IM, Intramuscular; IV, intravenous.
Adapted from Ding Z, White PF. Anesthesia for electroconvulsive therapy. Anesth Analg 2002; 94:1351-1364; White PF. Perioperative Drug Manual. 2nd ed. Philadelphia: Saunders. 2005; Wagner KJ, Möllenberg O, Rentrop M, et al. Guide to anaesthetic selection for electroconvulsive therapy. CNS Drugs 2005;19:745-758.
A thorough preanesthetic assessment must be performed, with consideration given to the possible great physiologic hemodynamic responses generated by the induced seizure activity. The box on pg. 384
lists the possible physiologic effects as a result of ECT.
Possible Physiologic Effects as a Result of Electroconvulsive Therapy
Parasympathetic response during the tonic phase of seizure
Sympathetic response during the clonic phase of seizure
Increased cerebral blood flow (increase of 100% to 400% above baseline are possible)
Increased intracranial pressure
Increased intraocular pressure
Increased intragastric pressure
Adapted from Lee M: Anesthesia for electroconvulsive therapy. In Atlee JL, editor: Complications in Anesthesia. 2nd ed. Philadelphia: Saunders; 2007:903-905.
Adult patients about to undergo ECT should follow fasting guidelines of at least 6 hours for solids and 2 hours for liquids. Necessary bronchodilators may be taken. Oral medications, such as antihypertensives, cardiac medications, anticoagulants, and thyroid medications, may be taken with a sip of water up to 1 hour before the procedure.
Patients may have results of laboratory studies, a pharmacologic regimen, and ECG readily available because of their psychiatric hospitalization. Informed consent is obtained whenever possible from the patient or legal guardian. An IV catheter is inserted in a peripheral vein.
The patient is monitored with a pulse oximeter, ECG, noninvasive blood pressure monitor, temperature-monitoring device, and peripheral nerve stimulator. Use of etco2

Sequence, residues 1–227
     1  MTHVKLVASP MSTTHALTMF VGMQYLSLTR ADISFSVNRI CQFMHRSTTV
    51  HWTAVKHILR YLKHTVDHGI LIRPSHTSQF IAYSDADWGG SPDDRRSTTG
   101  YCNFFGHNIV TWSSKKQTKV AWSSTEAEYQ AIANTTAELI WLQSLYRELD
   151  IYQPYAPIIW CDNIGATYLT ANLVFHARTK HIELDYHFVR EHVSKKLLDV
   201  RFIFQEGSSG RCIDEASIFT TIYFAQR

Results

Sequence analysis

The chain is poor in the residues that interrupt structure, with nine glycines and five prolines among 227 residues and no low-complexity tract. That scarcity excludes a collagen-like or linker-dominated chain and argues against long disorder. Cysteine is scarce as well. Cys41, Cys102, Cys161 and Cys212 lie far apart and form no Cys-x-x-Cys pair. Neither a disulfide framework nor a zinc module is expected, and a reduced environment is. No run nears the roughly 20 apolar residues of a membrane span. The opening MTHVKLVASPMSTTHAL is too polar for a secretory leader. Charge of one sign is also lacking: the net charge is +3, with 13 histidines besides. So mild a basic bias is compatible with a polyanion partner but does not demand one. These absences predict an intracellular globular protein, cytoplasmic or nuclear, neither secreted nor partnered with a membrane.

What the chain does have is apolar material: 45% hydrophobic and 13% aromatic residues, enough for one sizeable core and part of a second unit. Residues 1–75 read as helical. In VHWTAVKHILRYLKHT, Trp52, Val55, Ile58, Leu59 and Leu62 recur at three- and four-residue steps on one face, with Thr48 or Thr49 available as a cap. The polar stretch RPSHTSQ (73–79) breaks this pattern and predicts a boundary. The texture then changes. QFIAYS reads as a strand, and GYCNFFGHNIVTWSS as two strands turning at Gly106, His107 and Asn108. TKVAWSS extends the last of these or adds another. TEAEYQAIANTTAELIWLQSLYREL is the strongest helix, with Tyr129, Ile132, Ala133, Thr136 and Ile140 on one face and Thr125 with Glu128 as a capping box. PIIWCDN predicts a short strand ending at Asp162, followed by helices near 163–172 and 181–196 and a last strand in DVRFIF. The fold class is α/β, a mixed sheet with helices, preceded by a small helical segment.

monitoring has been suggested because hypercarbia and hypoxia shorten seizure duration.
Suction, oxygen, a positive-pressure Ambu bag and face mask, and rubber bite protectors must be present, as well as necessary airway and cardiovascular resuscitation equipment (including a laryngoscope and ETT with stylet), medications, and supplies because ECT is usually performed in a dedicated psychiatric suite or special treatment room.
The patient is preoxygenated before induction. Anticholinergics may be administered as an antisialagogue or to prevent asystole.
The induction agent is administered intravenously. Propofol, etomidate, and ketamine have also been used, although an enhanced hemodynamic response and increased ICP is possible after using ketamine. Succinylcholine (0.25-0.5 mg/kg) is usually given and is the drug of choice because of its short duration.
Positive-pressure ventilation is applied to the patient via the positive pressure breathing bag and a face mask and is continued until after treatment is completed and spontaneous respirations resume.
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